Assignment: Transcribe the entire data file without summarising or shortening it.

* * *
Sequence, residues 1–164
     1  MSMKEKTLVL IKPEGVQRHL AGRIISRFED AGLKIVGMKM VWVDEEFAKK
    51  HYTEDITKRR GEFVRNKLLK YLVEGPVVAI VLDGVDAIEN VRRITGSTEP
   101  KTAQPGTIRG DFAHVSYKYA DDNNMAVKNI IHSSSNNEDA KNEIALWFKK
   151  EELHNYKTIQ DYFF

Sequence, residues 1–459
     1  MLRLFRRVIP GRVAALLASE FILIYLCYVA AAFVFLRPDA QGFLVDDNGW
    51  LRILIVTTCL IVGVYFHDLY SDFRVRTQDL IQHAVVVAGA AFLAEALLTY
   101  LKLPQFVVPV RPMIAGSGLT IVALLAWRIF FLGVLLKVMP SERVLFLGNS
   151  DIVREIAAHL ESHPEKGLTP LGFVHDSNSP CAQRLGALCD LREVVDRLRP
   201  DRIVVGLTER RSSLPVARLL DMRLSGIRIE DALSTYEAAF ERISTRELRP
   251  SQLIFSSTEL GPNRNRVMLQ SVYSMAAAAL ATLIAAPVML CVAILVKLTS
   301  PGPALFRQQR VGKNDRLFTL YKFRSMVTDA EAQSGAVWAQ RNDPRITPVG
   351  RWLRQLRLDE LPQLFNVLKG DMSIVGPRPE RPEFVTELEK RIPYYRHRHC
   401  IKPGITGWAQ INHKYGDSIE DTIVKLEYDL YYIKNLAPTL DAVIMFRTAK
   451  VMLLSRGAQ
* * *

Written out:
Sequence, residues 1–164
     1  MSMKEKTLVL IKPEGVQRHL AGRIISRFED AGLKIVGMKM VWVDEEFAKK
    51  HYTEDITKRR GEFVRNKLLK YLVEGPVVAI VLDGVDAIEN VRRITGSTEP
   101  KTAQPGTIRG DFAHVSYKYA DDNNMAVKNI IHSSSNNEDA KNEIALWFKK
   151  EELHNYKTIQ DYFF

Sequence, residues 1–459
     1  MLRLFRRVIP GRVAALLASE FILIYLCYVA AAFVFLRPDA QGFLVDDNGW
    51  LRILIVTTCL IVGVYFHDLY SDFRVRTQDL IQHAVVVAGA AFLAEALLTY
   101  LKLPQFVVPV RPMIAGSGLT IVALLAWRIF FLGVLLKVMP SERVLFLGNS
   151  DIVREIAAHL ESHPEKGLTP LGFVHDSNSP CAQRLGALCD LREVVDRLRP
   201  DRIVVGLTER RSSLPVARLL DMRLSGIRIE DALSTYEAAF ERISTRELRP
   251  SQLIFSSTEL GPNRNRVMLQ SVYSMAAAAL ATLIAAPVML CVAILVKLTS
   301  PGPALFRQQR VGKNDRLFTL YKFRSMVTDA EAQSGAVWAQ RNDPRITPVG
   351  RWLRQLRLDE LPQLFNVLKG DMSIVGPRPE RPEFVTELEK RIPYYRHRHC
   401  IKPGITGWAQ INHKYGDSIE DTIVKLEYDL YYIKNLAPTL DAVIMFRTAK
   451  VMLLSRGAQ